News Column

11 Dead-wrong Prophecies of Doom

Dec 21, 2012

Peter Mucha

Once again, the Earth has survived.

Unless typing at this terminal is Heaven -- and it's clearly far from Hell -- no rapture or disaster happened overnight, contrary to movie-inspiring misreadings of Mayan calendars.

Add that to the list of dead-wrong prophecies about the end of the world.

Here are 10 previous apocalyptic flops:

1. Radio preacher's dud and redux. California evangelist Harold Camping said he could "absolutely guarantee," based on his Bible-based math, that on May 21, 2011, a grave-opening earthquake would let 200 million blessed souls get "caught up" or "raptured" into Heaven, while remaining billions would feel "horror and chaos" until Oct. 21, "when God will completely destroy this earth." After the May date, Camping revised, declaring the real delivery date would be Oct. 21, when "the world is going to be destroyed all together ... very quick."

2. Into the black hole. On Sept. 10, 2008, physicists turned on Europe's Large Hadron Collider, and contrary to alarmists, no planet-swallowing mini black hole was created, although comic Al Franken did get the Democratic nomination for the U.S. Senate in Minnesota.

3. Man of many dates. God's Church minister Ronald Weinland wrote two books forecasting the death of millions and the downfall of the United States by autumn 2008. Church fasting inspired God to mercifully delay, "But NOW, time has run out!" Weinland blogged in February. "... God's righteous judgment must NOW be executed in order for His Kingdom to be established at the coming of His Son on May 27, 2012."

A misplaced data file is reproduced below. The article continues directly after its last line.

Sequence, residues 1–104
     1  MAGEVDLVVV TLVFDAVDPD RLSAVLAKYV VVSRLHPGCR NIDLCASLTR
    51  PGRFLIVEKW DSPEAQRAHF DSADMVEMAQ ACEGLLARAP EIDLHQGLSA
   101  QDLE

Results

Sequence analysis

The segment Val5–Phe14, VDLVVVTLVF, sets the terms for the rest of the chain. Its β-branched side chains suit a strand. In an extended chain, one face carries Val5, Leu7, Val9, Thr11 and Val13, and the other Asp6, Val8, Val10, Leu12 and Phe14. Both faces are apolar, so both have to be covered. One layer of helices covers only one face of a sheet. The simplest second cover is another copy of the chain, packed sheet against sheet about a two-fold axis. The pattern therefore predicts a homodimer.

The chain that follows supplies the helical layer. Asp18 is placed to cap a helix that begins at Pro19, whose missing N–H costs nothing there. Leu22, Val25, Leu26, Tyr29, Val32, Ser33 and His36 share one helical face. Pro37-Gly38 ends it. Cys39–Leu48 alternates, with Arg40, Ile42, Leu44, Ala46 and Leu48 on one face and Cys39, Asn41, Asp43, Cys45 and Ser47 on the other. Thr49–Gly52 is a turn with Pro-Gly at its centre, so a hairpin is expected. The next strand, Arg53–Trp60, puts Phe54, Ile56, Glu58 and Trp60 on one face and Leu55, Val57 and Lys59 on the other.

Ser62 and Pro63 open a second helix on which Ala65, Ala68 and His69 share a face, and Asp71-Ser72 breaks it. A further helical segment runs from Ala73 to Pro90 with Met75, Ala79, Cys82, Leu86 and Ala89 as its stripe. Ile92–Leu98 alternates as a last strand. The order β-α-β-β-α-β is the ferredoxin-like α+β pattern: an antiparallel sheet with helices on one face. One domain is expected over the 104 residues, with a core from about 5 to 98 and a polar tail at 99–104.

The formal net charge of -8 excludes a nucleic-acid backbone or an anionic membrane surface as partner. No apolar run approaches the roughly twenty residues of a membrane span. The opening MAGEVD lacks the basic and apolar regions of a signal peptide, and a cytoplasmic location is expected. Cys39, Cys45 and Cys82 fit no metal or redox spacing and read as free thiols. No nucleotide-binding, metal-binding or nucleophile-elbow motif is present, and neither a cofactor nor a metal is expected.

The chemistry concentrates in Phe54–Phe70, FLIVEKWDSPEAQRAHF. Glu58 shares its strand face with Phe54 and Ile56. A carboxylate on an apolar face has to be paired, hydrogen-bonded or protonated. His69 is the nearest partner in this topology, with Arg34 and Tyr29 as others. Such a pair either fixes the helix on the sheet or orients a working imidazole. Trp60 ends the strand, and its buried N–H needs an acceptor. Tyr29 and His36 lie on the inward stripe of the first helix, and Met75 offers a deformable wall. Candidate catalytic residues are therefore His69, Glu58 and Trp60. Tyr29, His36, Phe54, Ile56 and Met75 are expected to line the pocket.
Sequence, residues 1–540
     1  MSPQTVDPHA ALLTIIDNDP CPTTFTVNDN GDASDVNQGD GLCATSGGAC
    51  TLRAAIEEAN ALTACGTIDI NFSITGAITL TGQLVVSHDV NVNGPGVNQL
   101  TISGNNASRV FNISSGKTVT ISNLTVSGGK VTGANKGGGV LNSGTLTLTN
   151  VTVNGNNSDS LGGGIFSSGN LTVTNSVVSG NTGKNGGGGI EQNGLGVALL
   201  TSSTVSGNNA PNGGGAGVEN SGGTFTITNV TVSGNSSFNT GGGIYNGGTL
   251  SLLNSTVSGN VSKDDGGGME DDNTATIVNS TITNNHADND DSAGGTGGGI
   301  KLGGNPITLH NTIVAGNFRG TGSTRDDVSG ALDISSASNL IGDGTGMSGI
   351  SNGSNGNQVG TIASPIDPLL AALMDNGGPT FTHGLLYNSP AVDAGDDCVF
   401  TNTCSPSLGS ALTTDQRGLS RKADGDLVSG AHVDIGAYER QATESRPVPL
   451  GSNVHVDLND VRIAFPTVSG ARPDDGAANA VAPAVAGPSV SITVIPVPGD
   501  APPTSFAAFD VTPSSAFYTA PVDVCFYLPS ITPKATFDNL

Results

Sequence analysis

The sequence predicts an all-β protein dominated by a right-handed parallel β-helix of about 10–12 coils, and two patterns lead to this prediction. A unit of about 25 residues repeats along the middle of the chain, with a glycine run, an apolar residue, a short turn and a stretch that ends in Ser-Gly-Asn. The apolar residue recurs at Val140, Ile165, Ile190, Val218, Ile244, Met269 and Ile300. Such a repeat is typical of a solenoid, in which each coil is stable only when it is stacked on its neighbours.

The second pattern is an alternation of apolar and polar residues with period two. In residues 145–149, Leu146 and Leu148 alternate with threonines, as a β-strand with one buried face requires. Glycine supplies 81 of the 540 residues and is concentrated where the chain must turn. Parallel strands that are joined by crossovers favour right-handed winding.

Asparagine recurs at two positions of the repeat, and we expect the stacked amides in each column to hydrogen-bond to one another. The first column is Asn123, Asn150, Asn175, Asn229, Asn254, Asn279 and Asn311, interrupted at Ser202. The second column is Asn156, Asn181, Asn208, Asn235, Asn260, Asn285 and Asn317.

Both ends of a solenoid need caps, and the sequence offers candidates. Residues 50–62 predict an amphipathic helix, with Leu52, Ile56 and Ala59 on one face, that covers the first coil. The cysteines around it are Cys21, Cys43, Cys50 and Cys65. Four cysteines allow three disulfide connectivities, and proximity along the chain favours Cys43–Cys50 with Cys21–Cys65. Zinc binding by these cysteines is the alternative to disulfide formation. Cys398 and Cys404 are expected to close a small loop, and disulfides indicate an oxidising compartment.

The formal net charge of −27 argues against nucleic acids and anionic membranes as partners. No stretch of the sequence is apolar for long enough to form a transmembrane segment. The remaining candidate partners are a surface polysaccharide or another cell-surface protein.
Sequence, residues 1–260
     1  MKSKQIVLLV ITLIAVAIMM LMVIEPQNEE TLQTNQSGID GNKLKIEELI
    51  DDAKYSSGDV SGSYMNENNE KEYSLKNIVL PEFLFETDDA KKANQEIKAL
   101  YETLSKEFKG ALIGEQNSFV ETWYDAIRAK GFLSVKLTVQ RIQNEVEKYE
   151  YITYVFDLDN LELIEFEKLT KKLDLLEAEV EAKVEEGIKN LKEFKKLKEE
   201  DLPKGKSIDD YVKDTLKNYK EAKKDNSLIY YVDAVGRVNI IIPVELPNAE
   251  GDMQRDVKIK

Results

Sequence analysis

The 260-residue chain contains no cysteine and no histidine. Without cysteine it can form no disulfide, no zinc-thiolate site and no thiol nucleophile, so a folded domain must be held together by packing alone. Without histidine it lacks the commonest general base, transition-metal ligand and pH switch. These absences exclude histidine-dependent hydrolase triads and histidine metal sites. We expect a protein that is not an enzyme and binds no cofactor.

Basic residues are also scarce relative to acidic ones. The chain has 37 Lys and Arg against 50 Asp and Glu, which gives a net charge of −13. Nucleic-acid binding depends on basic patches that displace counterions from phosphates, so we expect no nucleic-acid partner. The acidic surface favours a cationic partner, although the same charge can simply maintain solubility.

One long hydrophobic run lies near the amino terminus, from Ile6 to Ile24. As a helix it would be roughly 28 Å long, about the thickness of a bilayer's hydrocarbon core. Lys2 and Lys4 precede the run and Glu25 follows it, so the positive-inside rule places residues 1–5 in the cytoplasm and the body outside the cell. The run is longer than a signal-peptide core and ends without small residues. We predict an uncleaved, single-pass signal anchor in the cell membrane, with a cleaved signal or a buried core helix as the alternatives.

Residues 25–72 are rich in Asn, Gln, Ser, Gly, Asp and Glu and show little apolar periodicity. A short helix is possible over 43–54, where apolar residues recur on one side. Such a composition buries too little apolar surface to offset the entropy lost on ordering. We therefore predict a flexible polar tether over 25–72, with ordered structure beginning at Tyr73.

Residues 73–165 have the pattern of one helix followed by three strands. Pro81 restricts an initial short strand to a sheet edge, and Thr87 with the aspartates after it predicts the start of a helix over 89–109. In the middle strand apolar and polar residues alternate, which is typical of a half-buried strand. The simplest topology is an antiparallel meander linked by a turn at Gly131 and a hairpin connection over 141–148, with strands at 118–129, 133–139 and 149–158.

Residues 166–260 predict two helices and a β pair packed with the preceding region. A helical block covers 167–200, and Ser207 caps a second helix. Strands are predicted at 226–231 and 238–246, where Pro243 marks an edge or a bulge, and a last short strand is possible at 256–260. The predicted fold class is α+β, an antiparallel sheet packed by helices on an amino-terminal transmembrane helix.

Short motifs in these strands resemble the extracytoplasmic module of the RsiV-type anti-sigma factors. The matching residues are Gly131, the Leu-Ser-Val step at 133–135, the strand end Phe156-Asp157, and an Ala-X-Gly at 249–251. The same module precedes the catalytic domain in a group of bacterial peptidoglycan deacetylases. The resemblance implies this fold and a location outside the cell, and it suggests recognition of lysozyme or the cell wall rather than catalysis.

4. Day of the Beast. June 6, 2006, or 06-06-06, was reminiscent of scary talk from Revelations about "the number of the beast, for it is a human number, its number is six hundred and sixty-six." But the world didn't end then, or on any of the seven days since that when the Pennsylvania Lottery's Daily Number came up 666.

5. Nostradamus knows? In the seventh month of 1999, "from the sky will come a great King of Terror. To bring back to life the great King of the Mongols." Worried, designer Paco Rabanne warned that the Russian space station Mir would fall on Paris, if not in July, then by the total solar eclipse in August.

6. Millennial mayhem. The year 2000 loomed with a double whammy: 2000 years since the days of Jesus, and a calendar-year rollover that could drive computers crazy. Indeed, it was the end -- for many bottles of champagne.

7. Comet cleanser. Believing that the Earth was about to be recycled, 39 members of the Heaven's Gate cult committed suicide on March 26, 1997, supposedly thinking this would help them hop aboard a UFO posing as the Comet Hale-Bopp.

8. Prior conviction. Camping, the man behind the May 21, 2011, prediction, was also convinced the world would end in September 1994, then added another week when it didn't.

9. Seoul vigil. Thousands expecting "Rapture is coming!" took to streets in South Korea in the fall of 1992, but when the deadline passed in late October, officials for churches such as the Mission for the Coming Days told the faithful to go home. Four people committed suicide before the countdown ended.

10. "The Great Disappointment." Adventism founder William Miller predicted the world would end between March 21, 1843, and March 21, 1844. He then extended the date to Oct. 22, before acknowledging he goofed.



Source: (c)2012 The Philadelphia Inquirer. Distributed by MCT Information Services.